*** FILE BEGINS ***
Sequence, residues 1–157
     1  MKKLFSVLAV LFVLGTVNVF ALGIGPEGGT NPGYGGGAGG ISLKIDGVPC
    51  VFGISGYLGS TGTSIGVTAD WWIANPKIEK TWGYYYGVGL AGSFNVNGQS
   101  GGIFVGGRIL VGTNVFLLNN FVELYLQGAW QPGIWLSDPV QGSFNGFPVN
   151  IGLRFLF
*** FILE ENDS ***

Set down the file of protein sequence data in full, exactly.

Sequence, residues 1–157
     1  MKKLFSVLAV LFVLGTVNVF ALGIGPEGGT NPGYGGGAGG ISLKIDGVPC
    51  VFGISGYLGS TGTSIGVTAD WWIANPKIEK TWGYYYGVGL AGSFNVNGQS
   101  GGIFVGGRIL VGTNVFLLNN FVELYLQGAW QPGIWLSDPV QGSFNGFPVN
   151  IGLRFLF